The embattled founder of Papa John’s Pizza, John Schnatter, was once the face of a proud franchise whose logo dominated broadcasts of the National Football League’s games and endless football analysis programs – but ever since he made the mistake of wading into the debate over player protests, he continually insists on showing America his true racist colors.
When President Trump decided to seize on black NFL players kneeling during the pre-game national anthem ceremony as the next opportunity to rile up his base of hooting racists, Papa John should have just stayed out of sight – but instead decided to side with the president and with the forces of white supremacy in their efforts to bully the athletes into submission.
That decision led to a public outcry and his eventual ouster as the CEO of his own company – but a new report from Forbes makes it clear that Schnatter hasn’t learned from the experience one bit.
During a call with marketing executives from the firm Laundry Service, which he hired to help dig himself out of the hole he dug with his comments about how it was NFL players’ faults that his company’s profits were down (obviously false), Schnatter used an awful racial slur as part of a roleplaying exercise.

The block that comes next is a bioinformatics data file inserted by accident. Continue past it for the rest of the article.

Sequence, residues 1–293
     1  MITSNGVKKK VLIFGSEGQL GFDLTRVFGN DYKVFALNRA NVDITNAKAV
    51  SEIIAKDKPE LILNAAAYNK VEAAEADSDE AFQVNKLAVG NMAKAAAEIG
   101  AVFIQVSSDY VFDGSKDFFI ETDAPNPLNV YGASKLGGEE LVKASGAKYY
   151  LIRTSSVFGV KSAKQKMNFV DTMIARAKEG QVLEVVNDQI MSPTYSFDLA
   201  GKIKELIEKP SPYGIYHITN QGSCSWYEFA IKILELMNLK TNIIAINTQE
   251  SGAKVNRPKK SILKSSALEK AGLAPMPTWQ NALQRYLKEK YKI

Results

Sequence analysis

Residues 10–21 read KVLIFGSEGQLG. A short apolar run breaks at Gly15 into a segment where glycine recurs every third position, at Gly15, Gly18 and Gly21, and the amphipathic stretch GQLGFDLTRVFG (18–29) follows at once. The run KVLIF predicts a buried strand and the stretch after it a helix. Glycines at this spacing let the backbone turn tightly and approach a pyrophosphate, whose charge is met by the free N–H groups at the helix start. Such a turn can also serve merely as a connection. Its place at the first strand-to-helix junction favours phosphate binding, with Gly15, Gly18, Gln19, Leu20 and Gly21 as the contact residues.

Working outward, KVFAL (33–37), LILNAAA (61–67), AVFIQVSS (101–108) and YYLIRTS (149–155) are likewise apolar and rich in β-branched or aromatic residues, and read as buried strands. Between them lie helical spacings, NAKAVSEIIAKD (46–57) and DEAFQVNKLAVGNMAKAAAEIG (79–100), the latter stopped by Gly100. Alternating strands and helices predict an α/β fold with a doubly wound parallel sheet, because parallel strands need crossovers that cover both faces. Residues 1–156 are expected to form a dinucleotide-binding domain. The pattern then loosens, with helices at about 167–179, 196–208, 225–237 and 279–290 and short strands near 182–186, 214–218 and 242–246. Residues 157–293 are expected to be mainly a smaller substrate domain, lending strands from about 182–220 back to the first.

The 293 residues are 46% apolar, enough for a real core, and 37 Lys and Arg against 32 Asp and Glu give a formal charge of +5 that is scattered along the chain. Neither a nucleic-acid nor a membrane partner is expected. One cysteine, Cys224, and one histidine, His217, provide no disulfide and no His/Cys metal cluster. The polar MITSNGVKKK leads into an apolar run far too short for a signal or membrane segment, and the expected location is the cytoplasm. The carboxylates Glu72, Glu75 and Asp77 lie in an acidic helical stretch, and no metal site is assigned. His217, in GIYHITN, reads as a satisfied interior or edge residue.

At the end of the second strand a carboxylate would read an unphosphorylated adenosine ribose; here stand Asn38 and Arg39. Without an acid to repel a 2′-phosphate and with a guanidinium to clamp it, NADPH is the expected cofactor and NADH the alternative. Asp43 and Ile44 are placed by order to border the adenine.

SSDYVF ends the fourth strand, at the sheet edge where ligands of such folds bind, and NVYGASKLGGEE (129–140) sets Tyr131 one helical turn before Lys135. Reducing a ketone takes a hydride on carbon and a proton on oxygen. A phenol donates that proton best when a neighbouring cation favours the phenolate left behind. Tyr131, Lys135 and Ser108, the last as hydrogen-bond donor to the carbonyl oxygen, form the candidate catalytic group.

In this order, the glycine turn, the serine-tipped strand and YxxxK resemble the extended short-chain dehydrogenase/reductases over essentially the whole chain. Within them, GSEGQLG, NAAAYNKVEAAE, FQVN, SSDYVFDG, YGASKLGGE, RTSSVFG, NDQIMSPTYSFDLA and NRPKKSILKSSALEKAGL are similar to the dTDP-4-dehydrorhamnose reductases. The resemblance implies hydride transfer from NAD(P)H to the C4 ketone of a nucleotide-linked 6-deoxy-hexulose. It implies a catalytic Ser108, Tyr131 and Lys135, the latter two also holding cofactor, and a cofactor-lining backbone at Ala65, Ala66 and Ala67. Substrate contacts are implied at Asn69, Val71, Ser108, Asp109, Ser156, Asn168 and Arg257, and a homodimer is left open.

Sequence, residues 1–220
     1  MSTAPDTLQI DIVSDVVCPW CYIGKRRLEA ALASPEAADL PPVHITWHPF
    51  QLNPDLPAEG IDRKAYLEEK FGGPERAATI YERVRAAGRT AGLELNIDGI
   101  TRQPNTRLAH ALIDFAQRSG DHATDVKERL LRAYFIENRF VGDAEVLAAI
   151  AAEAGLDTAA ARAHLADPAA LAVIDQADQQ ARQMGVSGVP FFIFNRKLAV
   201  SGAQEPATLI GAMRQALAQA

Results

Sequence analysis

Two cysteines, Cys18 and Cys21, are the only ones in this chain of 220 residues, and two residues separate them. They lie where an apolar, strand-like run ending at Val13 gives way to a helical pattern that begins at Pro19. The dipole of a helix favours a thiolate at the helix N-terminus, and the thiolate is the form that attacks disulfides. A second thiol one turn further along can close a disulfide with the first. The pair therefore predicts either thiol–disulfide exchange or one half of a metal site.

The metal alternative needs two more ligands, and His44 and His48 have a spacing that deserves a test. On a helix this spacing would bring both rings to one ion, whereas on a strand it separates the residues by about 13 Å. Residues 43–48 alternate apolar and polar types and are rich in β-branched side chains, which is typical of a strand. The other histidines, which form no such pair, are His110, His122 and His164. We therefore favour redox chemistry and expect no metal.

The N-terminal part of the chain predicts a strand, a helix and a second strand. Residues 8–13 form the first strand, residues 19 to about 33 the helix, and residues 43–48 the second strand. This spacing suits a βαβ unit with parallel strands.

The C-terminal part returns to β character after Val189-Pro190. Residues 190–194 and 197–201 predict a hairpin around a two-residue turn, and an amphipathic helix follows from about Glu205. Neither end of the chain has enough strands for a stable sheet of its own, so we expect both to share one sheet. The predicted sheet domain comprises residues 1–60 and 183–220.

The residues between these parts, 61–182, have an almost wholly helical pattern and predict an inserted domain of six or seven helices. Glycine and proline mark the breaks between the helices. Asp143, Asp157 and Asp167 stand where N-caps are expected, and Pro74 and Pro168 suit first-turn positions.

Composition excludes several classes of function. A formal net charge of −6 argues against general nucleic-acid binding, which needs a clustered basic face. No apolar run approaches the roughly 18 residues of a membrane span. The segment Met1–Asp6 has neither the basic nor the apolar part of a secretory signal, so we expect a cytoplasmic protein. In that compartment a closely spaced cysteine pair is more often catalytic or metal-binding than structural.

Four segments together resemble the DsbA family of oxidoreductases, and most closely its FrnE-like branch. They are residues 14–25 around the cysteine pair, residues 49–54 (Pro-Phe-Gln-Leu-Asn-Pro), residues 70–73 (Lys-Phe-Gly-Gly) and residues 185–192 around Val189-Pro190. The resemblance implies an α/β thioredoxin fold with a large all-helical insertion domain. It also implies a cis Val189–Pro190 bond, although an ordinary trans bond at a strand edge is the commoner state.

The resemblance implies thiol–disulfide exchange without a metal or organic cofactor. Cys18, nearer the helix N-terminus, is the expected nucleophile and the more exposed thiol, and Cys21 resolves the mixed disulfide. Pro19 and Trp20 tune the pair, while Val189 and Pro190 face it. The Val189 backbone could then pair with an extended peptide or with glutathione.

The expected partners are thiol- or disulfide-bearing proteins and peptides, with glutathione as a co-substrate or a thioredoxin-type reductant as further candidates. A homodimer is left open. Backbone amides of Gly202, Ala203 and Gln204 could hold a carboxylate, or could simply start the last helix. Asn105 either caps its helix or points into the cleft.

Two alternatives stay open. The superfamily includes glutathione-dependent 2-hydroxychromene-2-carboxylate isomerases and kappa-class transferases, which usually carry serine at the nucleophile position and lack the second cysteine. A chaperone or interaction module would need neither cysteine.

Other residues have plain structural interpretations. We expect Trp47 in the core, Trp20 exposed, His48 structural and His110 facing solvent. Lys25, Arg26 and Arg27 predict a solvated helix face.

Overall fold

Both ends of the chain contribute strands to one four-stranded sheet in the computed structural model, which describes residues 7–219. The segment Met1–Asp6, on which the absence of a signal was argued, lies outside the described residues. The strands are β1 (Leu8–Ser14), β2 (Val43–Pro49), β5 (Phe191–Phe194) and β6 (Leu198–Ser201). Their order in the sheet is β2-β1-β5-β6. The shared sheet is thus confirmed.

“Colonel Sanders called blacks n******s!” complained Schnatter while responding to a question about how he would distance himself from the neo-Nazi groups and alt-right media figures who had suddenly become huge fans of Papa John’s pizza after he revealed himself to be a racist.
He also went on to describe how when he was growing up in Indiana, African-Americans would be “drag African-Americans from trucks until they died.” While he supposedly meant to use this as a story of why racism was bad, the executives at Laundry Service were appalled and quickly moved to terminate their contract.
When taken into context with his remarks about how he hates Obamacare and his many donations to Donald Trump’s election campaign, it’s clear that he’s nothing but another rich racist who deserves a lot more than just having to step down from his company.
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